The Carrot & Stick Approach to Internet Pollution
Lawmakers on Capitol Hill are once again debating whether to extend a soon-to-expire ban on taxing consumer access to the Internet. Proponents of such a ban say they want to keep the Internet free from the shackles of regulation, and that the lack of said regulation is what has helped the Web grow and mature to its current powerhouse status as a major driver of the U.S. economy.
But by some measures, the lack of oversight and regulation is precisely the reason that some of the world's largest Internet service providers and Web hosting firms can get away with failing to police their own networks for security threats that jeopardize the health and stability of the Internet as a whole.
Study after study show that ISPs in the United States lead the way in providing connectivity to computers that are a major source of malicious activity online, from bot-infected, spam-spewing PCs to compromised computers acting as download sites for malicious software or hosts for phishing Web sites. While it is true that some network providers do a much better job than others in cleaning up problem sites and PCs that are part of their networks, in far too many cases problematic customers are allowed to pollute the Internet for weeks or even months at a time.
Experts say it often costs ISPs more to field a support call from a customer seeking help in cleaning up a virus-infected PC than the provider will make from that customer in an entire year. The result is that -- unless problematic customers are consuming way more than their share of Internet bandwidth -- network providers often find it more cost-effective to simply ignore problematic customers.
I'm not suggesting that taxing online access is the way to fix this problem. But perhaps the time has come for Congress to at least hold out the threat of more government involvement in this space as a means of encouraging Internet providers to do the right thing on security.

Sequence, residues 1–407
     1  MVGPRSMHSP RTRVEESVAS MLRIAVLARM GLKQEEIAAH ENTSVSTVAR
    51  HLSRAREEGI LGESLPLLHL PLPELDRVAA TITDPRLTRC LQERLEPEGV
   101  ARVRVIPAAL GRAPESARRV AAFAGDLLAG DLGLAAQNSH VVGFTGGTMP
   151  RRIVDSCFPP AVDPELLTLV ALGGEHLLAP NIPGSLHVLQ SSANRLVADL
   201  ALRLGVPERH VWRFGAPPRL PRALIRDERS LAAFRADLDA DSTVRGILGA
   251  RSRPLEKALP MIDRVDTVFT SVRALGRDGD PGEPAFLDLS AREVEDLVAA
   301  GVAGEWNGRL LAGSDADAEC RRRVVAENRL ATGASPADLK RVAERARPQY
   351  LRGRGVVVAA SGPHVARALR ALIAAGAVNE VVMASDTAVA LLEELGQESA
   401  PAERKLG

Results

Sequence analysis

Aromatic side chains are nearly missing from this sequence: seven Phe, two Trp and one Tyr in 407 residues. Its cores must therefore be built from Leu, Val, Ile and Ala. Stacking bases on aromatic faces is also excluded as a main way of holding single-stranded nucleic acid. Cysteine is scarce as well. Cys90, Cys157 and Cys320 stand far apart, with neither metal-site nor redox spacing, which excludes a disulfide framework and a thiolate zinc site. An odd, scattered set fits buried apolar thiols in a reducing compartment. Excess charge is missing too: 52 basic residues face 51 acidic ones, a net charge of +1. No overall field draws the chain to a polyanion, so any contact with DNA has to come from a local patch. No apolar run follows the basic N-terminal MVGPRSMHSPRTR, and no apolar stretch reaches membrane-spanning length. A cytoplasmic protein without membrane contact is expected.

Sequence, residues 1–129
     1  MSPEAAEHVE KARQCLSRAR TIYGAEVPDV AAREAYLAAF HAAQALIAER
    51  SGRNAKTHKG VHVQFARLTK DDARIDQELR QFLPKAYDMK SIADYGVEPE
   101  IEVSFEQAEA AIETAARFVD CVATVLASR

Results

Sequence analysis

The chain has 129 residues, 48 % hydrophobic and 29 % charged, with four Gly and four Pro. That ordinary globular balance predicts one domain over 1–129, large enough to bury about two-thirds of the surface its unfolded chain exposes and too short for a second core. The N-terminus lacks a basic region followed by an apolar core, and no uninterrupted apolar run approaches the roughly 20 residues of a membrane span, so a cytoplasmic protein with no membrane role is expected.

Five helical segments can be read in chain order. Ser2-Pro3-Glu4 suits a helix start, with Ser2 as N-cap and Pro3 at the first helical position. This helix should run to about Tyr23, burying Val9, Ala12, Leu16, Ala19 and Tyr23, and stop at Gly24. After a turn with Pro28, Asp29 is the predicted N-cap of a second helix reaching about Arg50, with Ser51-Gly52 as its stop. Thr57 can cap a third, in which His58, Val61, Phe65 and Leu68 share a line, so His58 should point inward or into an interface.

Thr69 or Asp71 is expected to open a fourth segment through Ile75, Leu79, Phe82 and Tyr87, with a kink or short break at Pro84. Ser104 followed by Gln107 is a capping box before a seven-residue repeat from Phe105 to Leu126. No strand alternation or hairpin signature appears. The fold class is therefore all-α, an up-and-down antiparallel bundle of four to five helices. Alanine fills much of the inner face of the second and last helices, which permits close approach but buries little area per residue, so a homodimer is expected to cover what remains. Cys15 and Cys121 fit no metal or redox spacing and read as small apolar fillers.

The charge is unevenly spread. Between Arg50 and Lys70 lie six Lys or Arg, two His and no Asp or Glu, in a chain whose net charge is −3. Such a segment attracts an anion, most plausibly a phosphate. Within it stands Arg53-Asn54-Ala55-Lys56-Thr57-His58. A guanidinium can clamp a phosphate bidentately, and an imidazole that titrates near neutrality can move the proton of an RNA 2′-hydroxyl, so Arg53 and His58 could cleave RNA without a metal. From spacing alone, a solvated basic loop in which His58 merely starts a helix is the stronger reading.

Government can be most effective in areas where the free market fails to address a problem. Pollution, for example, is a scourge that economists like to call an "externality," or a market failure that happens when a transaction generates a cost that is not necessarily paid by the buyer or seller, but rather by society as a whole.
The problem with externalities is that businesses that do the right thing -- in this example, invest in non-polluting technologies or take active steps to clean up polluted areas -- are at a market disadvantage as long as their competitors are not required to do the same.
Several years ago, the U.S. entertainment industry won passage of the Digital Millennium Copyright Act, a controversial law that -- among other things -- requires ISPs to take offline any Web site or content that makes available copyrighted content without permission from the content owners. The law holds ISPs free from liability provided that they respond and remove the offending content within a short time of receiving legal notice, usually 24-48 hours.
The DMCA is a far from perfect law, but this particular notice-and-takedown provision has proven to work. I'd wager that the mere threat of instituting a similar provision for infected PCs and malicious Web sites would be enough to galvanize a fair number of ISPs to take action.
What might that action entail? A number of ISPs, notably Cox Communications and a fair share of the Canadian-based providers, have instituted a practice known as the "walled garden." This approach basically attempts to alert problematic users to invaders within their machines by confining users -- temporarily or permanently -- to a small portion of the Web where they can go to retrieve the tools and instructions needed to clean up their machines.
Would this approach work to help consumers rid their machines of the most advanced malware out there today? Perhaps not. Would it measurably help reduce the pollution of the Internet by spam, malicious Web sites and denial-of-service attacks? Almost certainly.
Either way, it is time for policymakers to consider this increasingly obvious fact: In order to address the global problem of cyber crime, which disproportionately targets U.S. consumers and businesses, our country is going to need to foster more cooperation among network providers, law enforcement and regulators in other nations. But without a more concerted effort to clean up the Internet pollution problem in our own backyard, the United States will only hinder efforts to enlist other nations (e.g. Russia) in fighting this battle.
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